“Opportunity is missed by most people because it is dressed in overalls and looks like work.” Thomas A. Edison
I have always worked it seems. When I was a little boy we moved to a farm outside of Gainesville, Texas. It was a four room house, 15 acres of mostly sand and rocks, a chicken house, a barn and a pump house. The pump didn’t work so we bought a long rope and a long bucket. To water the chickens and the cow, we would lower the bucket and my brother and I would pull it back up. It had a valve on the bottom and a release handle on the top. We would fill other, more traditional buckets, with water and carry them down to the barn or chicken coop. That was our first job. I was four and Tommy was five.
When I was five, we would go with the farmer neighbors to another farm further down the road and pick dew berries and black berries for 5 cents a pint. We would also go to yet another farm and pull cotton. Cotton, even back then was picked by a machine, but the machines were inefficient and so local poor people, like us, could go and pull the remaining cotton off the stripped plants for five cents a pound. It involved, hanging a long bag around our neck and walking stooped over, down the rows pulling off the cotton bolls into the bag. At the end of a few rows we would haul our bags over to the weighing trailer and get paid cash money on the spot.
As we got a little older, the work got a little more intense. The farmer across the highway had a horse drawn plow and harness. He would plant potatoes every year and then use his plow to turn over the soil exposing the potatoes. We would go along behind him and pick them up into bushel baskets. We also pulled onions, gathered corn and stacked watermelons. Hot hard labor and we were in grade school. We needed the money. Mama and a job that paid the bills but if we wanted anything extra we had to earn it. We worked in the vegetable garden and we dug up worms to sell as bait for fishermen down at the store where Mama had an account that Daddy would pay when he was in town.
My point in telling you this is that…it didn’t hurt us. We weren’t being exploited. We weren’t being mistreated. We learned a lot of things about the world from the experience. I learned the value of effort. I learned to appreciate the things I had because I understood what it took to have them. I learned that the food I eat doesn’t come from the grocery store. I learned responsibility for the animals we kept and the tools we used. I learned that life’s rewards aren’t lying about to simply be picked up. I learned to work in tandem to complete a task and obtain a goal. I also learned that merely being present, didn’t earn an award.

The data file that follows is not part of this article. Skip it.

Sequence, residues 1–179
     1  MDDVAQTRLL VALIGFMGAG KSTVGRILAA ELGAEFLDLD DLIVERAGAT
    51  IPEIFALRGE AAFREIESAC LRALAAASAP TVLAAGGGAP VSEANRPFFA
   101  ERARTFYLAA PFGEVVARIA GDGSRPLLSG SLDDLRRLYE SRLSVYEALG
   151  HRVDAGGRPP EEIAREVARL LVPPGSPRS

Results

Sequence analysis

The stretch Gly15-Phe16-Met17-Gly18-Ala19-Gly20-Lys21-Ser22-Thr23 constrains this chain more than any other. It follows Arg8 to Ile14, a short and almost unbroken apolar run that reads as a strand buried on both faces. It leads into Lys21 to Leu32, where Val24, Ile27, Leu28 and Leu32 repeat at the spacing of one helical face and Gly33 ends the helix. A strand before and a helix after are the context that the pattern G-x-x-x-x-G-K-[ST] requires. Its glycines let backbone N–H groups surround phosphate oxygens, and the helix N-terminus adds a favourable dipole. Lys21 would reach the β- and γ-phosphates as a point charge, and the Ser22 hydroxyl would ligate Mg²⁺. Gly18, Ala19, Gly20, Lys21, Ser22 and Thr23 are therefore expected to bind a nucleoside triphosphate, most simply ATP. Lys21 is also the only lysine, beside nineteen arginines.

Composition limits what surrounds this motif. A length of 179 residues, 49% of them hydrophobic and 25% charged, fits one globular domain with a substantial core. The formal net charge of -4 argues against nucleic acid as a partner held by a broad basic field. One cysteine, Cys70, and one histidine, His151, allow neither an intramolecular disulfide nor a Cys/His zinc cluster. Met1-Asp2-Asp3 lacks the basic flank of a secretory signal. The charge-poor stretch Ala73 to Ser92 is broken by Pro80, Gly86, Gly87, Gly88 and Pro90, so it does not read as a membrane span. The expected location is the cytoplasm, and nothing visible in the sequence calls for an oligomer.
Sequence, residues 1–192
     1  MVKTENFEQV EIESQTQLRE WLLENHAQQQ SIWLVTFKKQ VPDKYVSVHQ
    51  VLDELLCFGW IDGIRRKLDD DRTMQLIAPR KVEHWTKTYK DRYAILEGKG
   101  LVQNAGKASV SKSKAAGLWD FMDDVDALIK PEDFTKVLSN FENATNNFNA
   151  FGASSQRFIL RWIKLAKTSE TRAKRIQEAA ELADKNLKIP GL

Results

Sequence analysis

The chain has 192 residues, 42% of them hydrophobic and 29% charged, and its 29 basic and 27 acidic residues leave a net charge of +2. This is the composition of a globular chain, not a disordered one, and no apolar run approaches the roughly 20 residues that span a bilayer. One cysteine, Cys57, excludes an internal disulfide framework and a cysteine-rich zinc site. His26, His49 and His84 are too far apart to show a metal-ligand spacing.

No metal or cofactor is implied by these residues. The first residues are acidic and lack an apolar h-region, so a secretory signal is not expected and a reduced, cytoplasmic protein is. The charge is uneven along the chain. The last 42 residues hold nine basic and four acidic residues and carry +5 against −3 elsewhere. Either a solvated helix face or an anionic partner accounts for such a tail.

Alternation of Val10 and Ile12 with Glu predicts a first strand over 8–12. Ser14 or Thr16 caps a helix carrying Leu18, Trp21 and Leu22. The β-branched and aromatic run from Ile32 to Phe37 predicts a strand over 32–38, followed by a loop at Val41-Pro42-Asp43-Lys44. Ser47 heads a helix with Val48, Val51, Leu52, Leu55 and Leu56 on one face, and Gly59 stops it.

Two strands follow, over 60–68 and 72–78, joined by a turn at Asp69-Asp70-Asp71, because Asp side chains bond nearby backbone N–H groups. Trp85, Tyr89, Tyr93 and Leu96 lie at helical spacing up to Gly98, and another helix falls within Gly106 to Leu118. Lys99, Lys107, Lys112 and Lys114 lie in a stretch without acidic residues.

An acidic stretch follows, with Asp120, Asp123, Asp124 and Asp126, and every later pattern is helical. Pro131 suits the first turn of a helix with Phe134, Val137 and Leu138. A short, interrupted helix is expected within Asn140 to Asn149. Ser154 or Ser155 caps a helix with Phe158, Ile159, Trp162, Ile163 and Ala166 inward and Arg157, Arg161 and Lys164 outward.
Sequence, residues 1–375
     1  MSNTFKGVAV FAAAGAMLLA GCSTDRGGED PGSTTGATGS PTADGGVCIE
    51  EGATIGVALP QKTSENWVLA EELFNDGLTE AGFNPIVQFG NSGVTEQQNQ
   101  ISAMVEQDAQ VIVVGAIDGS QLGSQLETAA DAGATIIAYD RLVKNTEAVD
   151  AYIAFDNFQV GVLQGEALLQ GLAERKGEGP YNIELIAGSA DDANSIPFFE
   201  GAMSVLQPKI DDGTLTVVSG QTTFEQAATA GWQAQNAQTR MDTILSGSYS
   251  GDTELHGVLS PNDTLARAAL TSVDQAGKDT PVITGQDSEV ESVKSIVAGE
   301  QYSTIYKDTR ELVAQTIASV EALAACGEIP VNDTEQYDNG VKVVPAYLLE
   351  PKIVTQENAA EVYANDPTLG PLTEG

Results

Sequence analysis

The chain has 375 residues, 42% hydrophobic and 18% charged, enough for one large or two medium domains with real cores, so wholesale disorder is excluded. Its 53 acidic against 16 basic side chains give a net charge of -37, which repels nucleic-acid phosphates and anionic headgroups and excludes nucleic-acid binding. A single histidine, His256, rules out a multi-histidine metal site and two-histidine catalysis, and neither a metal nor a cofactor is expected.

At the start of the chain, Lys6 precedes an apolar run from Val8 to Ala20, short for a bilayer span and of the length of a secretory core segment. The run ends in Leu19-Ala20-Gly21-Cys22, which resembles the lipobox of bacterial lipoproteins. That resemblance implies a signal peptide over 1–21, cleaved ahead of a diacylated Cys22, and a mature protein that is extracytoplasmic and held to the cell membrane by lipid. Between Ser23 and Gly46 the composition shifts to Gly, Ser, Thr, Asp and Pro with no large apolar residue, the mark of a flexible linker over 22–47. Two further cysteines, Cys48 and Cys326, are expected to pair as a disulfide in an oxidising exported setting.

Now, I am not suggesting that we round up little kids and cart them off to factories. What I am suggesting is that the last couple of generations have not learned the value of effort, at least in this country. (US). My kids included. They didn’t really have much to do in the way of chores. They certainly didn’t get blistered hands from shoveling rocks out of the garden. I think in hindsight, I did them a disservice. The world of the first world countries has gotten a lot easier in a short time. Even the technology isn’t difficult for the users anymore. Most of it is intuitive. Doesn’t even come with a manual.
“The end of labor is to gain leisure.” Aristotle
One of the issues facing us today is the cost of education. Not just the cost of the tuition and fees but the cost to a generation of kids starting their lives deeply in debt. Who in their right mind loans tens of thousands of dollars to an 18-year-old with no credit history and no work experience? The answer is …nobody. It’s insane.
My suggestion is to offer infrastructure build and repair jobs to kids out of high school in exchange for vouchers to go to college. Another area is in healthcare provided to our aging population. Believe me, digging ditches and emptying bed pans are great motivators to getting an education to so something else. Anything else! Stop this madness of hobbling the futures of our kids with debt and teach them what the alternative to education looks like at the same time.
I would make it voluntary as I don’t believe in indentured servitude. The work would be hard and pay room, board and vouchers for 1-4 years depending on the commitment. We’d get our roads and bridges fixed and the kids would get experience, an education and a clean start to their future careers. You’d have to run it like a business and not like a government program though, who wants to drive over bridges where shortcuts are overlooked? Make excellence pay more in vouchers.
Phillip J Hubbell is a project manager, writer, job seeker living the American Midwest.